Essay on Affairs, Wealth, and Murder in F. Scott Fitzgerald’s The Great Gatsby

Essay on Affairs, Wealth, and Murder in F. Scott Fitzgerald’s The Great Gatsby

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In The Great Gatsby, Fitzgerald tells about affairs, describes wealth, and tells about murder. There are three love affairs. One is Gatsby and Daisy and the other is Tom and Myrtle. Daisy cheats on Tom with Gatsby, Tom cheats on Daisy with Myrtle, and Myrtle cheats on her husband with Tom. In the end Tom and Daisy find out that they are cheating on each other. They blame everything on Gatsby and end up leaving town to get away from all the troubles they produced.
One of the main love affairs would be Daisy Buchanan and Jay Gatsby. Daisy and Gatsby had been lovers before Daisy even met Tom. Daisy loved Gatsby and then he was sent off to war. Jordan told Nick that Gatsby wanted Nick to set up a get-together for him with his long lost love, Daisy (Baker). Nick agreed. He held the reunion at his house, but did not tell Daisy about Gatsby. Gatsby decorated Nick’s residence with a bunch of flowers to impress Daisy (Fitzgerald 84). Gatsby was very anxious to meet Daisy again. It had been five years since they had seen each other (Sutton). After Gatsby and Daisy met again, Nick leaves them unaccompanied to catch up on things. When Nick returned he could see that they still loved each other. After they talked for a while, Gatsby led Nick and Daisy through his colossal mansion next door.
The other main love affair would be Tom Buchanan and Myrtle. As Daisy, Tom, Nick, and Jordan were having dinner, Tom’s mistress called him. It was no secret that Tom was having an affair because Daisy and Miss Baker knew (Fitzgerald 15). Nick could tell that the telephone calls made Daisy awfully upset. After dinner Tom took Nick into town to visit a gas station that his mistress lived at. As Tom and Nick are leaving the gas station, Tom convinces Myrtle ...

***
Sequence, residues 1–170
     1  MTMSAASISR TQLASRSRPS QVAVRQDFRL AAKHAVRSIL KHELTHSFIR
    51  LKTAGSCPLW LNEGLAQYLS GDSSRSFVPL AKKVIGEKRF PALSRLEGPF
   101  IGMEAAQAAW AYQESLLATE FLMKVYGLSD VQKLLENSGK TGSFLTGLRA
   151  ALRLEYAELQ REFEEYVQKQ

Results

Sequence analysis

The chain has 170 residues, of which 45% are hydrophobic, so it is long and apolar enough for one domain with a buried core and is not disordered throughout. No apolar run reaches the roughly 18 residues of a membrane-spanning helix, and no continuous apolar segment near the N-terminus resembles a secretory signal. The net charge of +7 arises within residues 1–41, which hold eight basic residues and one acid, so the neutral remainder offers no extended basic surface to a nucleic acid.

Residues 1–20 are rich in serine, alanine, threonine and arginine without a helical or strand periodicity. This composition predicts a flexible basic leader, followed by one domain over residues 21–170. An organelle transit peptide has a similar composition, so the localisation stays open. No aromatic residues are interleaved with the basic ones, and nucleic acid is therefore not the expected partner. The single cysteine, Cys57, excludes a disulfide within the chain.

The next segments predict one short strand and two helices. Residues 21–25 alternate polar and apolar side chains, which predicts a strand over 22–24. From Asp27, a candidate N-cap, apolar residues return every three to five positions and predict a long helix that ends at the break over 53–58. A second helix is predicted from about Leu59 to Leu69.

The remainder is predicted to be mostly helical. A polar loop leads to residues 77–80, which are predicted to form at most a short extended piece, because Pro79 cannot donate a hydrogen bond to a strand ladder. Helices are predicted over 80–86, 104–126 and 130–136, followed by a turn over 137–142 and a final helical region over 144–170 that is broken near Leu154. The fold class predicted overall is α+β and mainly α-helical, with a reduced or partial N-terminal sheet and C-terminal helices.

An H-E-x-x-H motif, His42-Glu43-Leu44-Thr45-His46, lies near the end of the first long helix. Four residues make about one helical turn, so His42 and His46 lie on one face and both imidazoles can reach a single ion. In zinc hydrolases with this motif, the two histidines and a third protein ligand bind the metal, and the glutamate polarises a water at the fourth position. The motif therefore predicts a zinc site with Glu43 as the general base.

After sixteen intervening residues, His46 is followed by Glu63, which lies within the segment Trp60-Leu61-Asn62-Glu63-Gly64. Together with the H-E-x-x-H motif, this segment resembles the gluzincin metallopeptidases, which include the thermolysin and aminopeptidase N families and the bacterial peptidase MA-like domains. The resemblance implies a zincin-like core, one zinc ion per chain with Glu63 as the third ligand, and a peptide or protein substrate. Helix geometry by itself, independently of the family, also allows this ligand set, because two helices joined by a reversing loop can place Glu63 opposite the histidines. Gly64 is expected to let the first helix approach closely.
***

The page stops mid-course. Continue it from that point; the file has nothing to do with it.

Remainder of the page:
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...e Resources from Gale. Web. 16 Jan. 2014.
Marshall, Lee. "Gatsby forever." Queen's Quarterly 120.2 (2013): 194+. Literature Resources from Gale. Web. 16 Jan. 2014.
Schreier, Benjamin. "Desire's Second Act: 'Race' and The Great Gatsby's Cynical Americanism." Twentieth Century Literature 53.2 (Summer 2007): 153-181. Rpt. in Twentieth-Century Literary Criticism. Ed. Kathy D. Darrow. Vol. 280. Detroit: Gale, 2013. Literature Resources from Gale. Web. 16 Jan. 2014.
Sutton, Brian. "Fitzgerald's 'The Great Gatsby.' (interpretation of F. Scott Fitzgerald's novel)." The Explicator 55.2 (1997): 94+. Literature Resources from Gale. Web. 16 Jan. 2014.
Trask, David F. "A Note on Fitzgerald's The Great Gatsby." University Review 33.3 (Mar. 1967): 197-202. Rpt. in Novels for Students. Ed. Diane Telgen. Vol. 2. Detroit: Gale, 1998. Literature Resources from Gale. Web. 16 Jan. 2014.

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